Even the Eucharist, according to Paul, is a means by which we “proclaim the Lord’s death.” As a memorial this is more than the remembrance of a historical event, but to proclaim the Lord’s death is to say that, when we participate in the Eucharist, we are stating a willingness to follow Christ in death. Our body will be broken like the bread, and our blood will be spilled like the wine. The Martyrdom of Polycarp, a second or third century narrative, tells of how the saint is burned at the stake, but that his flesh smells like baking bread, as in the Eucharistic bread. Sacraments are a visible manifestation of mortality; they bring to our mind what we try so hard to push away.
Being cradled by the old beech tree, seeing the ancient grave, stepping over the shelf fungus on decaying logs, and smelling the leaf mold transform a solitary excursion into the woods a sacrament. It brings to mind our inevitable return to dust. Here, I think I could become an anchorite connected to this grave. Retiring away from “the world,” in order to find vocation at this spot seems reasonable. For inasmuch as the wilderness brings to us the realities of death, it calls us to prayer. Perhaps not prayer in the formal structure of “Our Father,” but a prayer, to quote Wendell Berry, that “does not disturb the silence from which it came.”
In theology, God is in the sacraments. He must also be in the wilderness, which acts as a sacrament in the moment of contemplation. Sacraments, although they bring us to an awareness of death, are by definition a means of grace. Grace is an unmerited gift. Here in the damp and the decay of the woods, which reminds me of my vulnerabilities, there is plenty of grace.
In sitting next to a grave, I get anxious about the darkness of death and of the wild unknown, but I also find a peace in knowing the present can be free from anxiety, because redemption is built into the fabric of nature. The clear spring still provides water. The fog will soon lift up and out of the hills. The decayed logs will return nutrients to the rich humus. And in these things is grace, as Gerard Manley Hopkins illustrates, “Oh, morning, as the brown brink eastward, springs/ Because the Holy Ghost over the bent/ World broods with warm breast and with ah! bright wings.”
I get up from the beech tree and stretch as my back has gotten sore from the rigid seat. My noise startles a cardinal, and the bird flies over the stream and to the other side of the ridge. His bright wings catch a stream of sun breaking through a clear patch of land. I retrace my path back to where the clear strip meets the fence line. This time I walk up with the fence rather than following my same route along the ridge. It is a steep climb but levels out at the top and while the fence goes on around the cow pasture, I am stopped by thorny thicket I have no desire to push through.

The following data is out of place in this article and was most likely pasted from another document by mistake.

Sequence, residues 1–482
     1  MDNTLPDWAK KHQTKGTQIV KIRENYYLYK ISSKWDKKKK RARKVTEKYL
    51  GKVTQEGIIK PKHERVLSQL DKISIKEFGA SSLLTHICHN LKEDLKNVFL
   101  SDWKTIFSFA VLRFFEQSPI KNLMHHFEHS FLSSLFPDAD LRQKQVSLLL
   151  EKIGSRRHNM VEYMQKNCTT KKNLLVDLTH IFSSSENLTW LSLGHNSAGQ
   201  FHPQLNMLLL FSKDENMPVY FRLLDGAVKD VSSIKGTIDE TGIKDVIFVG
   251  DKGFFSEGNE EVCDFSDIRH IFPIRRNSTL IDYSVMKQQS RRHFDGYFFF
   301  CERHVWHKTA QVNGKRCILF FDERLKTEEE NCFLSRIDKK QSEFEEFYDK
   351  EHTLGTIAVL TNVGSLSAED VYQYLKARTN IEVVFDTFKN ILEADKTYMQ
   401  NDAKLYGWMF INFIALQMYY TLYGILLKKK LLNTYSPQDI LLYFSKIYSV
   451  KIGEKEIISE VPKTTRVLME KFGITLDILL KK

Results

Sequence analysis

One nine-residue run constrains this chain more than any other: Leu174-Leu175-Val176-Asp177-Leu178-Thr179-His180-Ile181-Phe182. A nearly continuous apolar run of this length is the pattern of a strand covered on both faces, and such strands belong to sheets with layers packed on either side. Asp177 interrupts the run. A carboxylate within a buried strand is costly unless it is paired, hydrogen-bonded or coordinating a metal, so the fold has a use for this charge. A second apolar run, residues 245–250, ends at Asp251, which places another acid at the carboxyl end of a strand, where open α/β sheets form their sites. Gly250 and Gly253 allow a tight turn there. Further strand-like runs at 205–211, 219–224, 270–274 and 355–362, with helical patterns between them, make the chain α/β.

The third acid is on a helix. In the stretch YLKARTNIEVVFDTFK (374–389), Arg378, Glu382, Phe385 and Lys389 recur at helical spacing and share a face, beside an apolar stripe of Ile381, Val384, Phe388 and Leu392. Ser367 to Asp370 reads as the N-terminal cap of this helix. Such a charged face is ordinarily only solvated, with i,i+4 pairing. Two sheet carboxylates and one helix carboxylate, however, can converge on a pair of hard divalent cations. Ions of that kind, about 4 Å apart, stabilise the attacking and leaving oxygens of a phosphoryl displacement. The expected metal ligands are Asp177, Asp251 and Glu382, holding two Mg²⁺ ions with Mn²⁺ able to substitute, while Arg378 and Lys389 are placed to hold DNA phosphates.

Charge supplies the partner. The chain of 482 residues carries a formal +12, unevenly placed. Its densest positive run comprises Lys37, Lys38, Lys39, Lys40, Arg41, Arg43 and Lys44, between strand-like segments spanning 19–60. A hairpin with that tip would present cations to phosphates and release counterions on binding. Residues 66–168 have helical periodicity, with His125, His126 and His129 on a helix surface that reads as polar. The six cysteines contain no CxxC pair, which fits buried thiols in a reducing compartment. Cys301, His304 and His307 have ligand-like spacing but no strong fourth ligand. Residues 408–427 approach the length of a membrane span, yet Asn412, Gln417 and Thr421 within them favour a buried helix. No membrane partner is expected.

At some point, the woods were cleared from this spot, probably for a potato field or pasture land, and then left alone. The thicket will grow and mature and in a few decades it will blend with the surrounding woods.
Here could have possibly been a crossroads for the people of the Sullen Possum village. To one side is a clear spring and the flat beech grove area, and to the other side is the flat ridge top of the cow pasture. A ten or fifteen minute walk along the ridge top from the pasture is the three burial sites overlooking the valley.
I know nothing of Cherokee etymology or mythology to begin to speculate why this is Sullen Possum, but there is sadness on this ridge. The obscurity of the people who once thrived here is sad, and perhaps the name sullen, as much as anything else, is prophetic. Yet, there is also a glooming peace here this morning, for in being forgotten, the ridges, the springs, and the graves are mostly left alone. For this, I give thanks.
I walk down the clear fence line and back onto the wooded ridge. The ground is still wet from dew, and I am careful with my steps so as not to slip. I come back around the deer path and get back to the yard in which I started. On my walk back through the farm, the fog has lifted in all the low areas, though a smattering remains on the mountain tops. The September sky is clear.
I see two eastern bluebirds perched on a fence post. Pokeweed grows in abundance in the thickets in the unkempt parts of the farm, and the bluebirds look for the berries early in the morning.
The sun gets warm, and I roll up my sleeves. The farm is awake now. The hogs are being fed and make ungodly shrieks in anticipation of food. Under the swinging bridge are the minnows, but no signs of their predators yet. A gray heron stands in one of the creek bends, the water coming up to her breast.
Arriving home, I find my wife and son are now awake too. There is freshly baked pumpkin bread and hot coffee. It is not the welcoming smell of leaf mold, but it is grace nonetheless.
Ryan Cordle teaches English and coaches girls’ basketball at a small boarding school in the Appalachian foothills. He is completing an MA in English and Writing at Western New Mexico University. When he’s not teaching and coaching, he spends his time whacking weeds and wrestling with his son. This is his first published work.